My name is Saulius Simcikas. I am a researcher at Rethink Priorities. I currently focus on topics within farmed animal welfare. Previously, I was a research intern at Animal Charity Evaluators, organised Effective Altruism events in the UK and Lithuania, and earned-to-give as a programmer.


Dutch anti-trust regulator bans pro-animal welfare chicken cartel

It’s interesting that this article was from 2015, so it preceded all the broiler welfare campaigns that are happening now. I think it’s good for animal activists to learn from successes and failures of those who tried to achieve similar goals before us, like the one in the linked article.

Speaking of which, this paper called Market barriers for welfare product innovations describes some other previous efforts to improve chicken welfare in the Netherlands that also failed in interesting ways. Here is one interesting excerpt:

Consumers may find it difficult to interpret welfare attributes. Animal welfare is a so-called credence attribute, i.e., it cannot be verified by the consumer - not even after consumption. Consumers will use certain cues (such as labels and package) and associations (Keller, 1993). Such associations may not always be correct: wrong links could be activated in the consumer's mind, and incorrect information could become associated with a product. An example of this is the failure of the introduction of slow-growing chicken meat in the Netherlands in the 1980s: consumers were not aware that regular chickens only live 42 days, and thought the 56-day grown chickens were slaughtered too young.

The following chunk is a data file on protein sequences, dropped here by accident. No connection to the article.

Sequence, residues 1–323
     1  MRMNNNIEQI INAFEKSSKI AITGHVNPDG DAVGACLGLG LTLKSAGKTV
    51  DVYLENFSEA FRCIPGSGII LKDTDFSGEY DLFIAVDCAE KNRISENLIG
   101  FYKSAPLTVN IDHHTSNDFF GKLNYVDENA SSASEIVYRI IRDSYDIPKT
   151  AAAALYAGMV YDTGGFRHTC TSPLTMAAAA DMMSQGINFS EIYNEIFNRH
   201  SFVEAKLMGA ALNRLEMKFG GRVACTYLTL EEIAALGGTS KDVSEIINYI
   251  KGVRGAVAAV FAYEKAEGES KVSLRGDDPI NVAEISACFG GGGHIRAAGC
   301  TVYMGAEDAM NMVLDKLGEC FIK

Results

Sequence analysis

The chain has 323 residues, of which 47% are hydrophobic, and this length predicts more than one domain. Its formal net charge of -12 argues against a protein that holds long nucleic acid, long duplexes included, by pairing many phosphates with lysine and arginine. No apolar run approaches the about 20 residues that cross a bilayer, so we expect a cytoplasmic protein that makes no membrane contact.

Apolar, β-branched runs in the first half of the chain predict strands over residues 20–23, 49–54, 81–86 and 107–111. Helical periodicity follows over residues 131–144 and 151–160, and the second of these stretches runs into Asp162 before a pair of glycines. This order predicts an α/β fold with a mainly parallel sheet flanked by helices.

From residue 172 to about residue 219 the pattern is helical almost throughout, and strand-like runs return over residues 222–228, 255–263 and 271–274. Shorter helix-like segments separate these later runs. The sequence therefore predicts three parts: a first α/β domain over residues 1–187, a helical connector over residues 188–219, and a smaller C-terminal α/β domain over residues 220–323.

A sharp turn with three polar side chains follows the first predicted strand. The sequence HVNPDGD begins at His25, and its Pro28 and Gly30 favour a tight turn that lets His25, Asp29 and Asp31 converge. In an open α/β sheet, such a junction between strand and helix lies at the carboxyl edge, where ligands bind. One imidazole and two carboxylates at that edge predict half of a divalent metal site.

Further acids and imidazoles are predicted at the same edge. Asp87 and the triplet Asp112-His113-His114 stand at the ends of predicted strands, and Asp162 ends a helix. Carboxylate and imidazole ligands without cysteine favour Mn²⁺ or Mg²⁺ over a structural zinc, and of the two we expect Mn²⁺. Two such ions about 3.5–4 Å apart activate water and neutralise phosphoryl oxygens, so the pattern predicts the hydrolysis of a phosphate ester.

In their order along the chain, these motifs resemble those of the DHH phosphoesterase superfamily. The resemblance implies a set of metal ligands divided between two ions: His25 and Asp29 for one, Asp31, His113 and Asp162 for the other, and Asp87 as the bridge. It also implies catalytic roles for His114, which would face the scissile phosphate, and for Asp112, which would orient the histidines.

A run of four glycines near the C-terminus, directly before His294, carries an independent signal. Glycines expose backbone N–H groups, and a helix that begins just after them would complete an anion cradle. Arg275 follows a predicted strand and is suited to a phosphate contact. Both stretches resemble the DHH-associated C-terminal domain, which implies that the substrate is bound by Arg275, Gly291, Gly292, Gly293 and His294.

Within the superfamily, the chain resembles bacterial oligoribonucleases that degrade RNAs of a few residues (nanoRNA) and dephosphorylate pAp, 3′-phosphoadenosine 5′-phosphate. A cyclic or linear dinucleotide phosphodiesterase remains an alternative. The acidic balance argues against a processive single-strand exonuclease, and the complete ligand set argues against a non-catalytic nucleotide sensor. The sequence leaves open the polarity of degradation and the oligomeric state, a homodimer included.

Finally, product image may inhibit the growth of welfare initiatives. The Dutch word for barn eggs, 'scharrel' eggs, may evoke an idyllic image of happy animals that live in small couples with a cock and roam around freely on the farmyard pecking about a bit (as suggested by Van Leeuwen, 2005). This perception is actually incorrect as hens are kept indoors. Yet, there is little knowledge amongst Dutch consumers about welfare labels on eggs (Burrel & Vrieze, 2003). Whereas 40% of the Dutch consumers state that they buy outdoor eggs (Anon., 2005c), the actual market share of outdoor systems is less than 4% (Anon., 2005a).

Consider the situation in Germany, where barn eggs are called 'Bodenhaltung' eggs (literally translated: floor-produced eggs) and free-range eggs are called 'Freiland' eggs (literally translated: freeland, 'open-air' eggs). One could argue that the positive and better fitting associations of the Freiland eggs in Germany translated into a better market share: 18.0% in 1999, compared with 2.5% for the free-range outdoor eggs in the Netherlands (Tacken & Van Horne, 2002). This illustrates the potentially powerful role of a positive and fitting image.

(sorry, this is a bit off topic. I wanted to share this stuff anyway but didn’t think it deserved its own post and thought that posting it here would be better than nothing as it might reach the same kind of people I wanted to reach).

Dutch anti-trust regulator bans pro-animal welfare chicken cartel

Interesting. The text is not very clear about this, but my understanding is that the anti-competitive aspect of this was an agreement between different retailers and producers to stop selling and producing cheaper low-welfare chicken on the condition that everyone else will do the same. When companies commit to the Better Chicken Commitment or a cage-free commitment, these commitments are not conditional on anyone else doing the same thing. So at least anti-competitive laws are not relevant in these situations, right?

Corporate commitments breakdown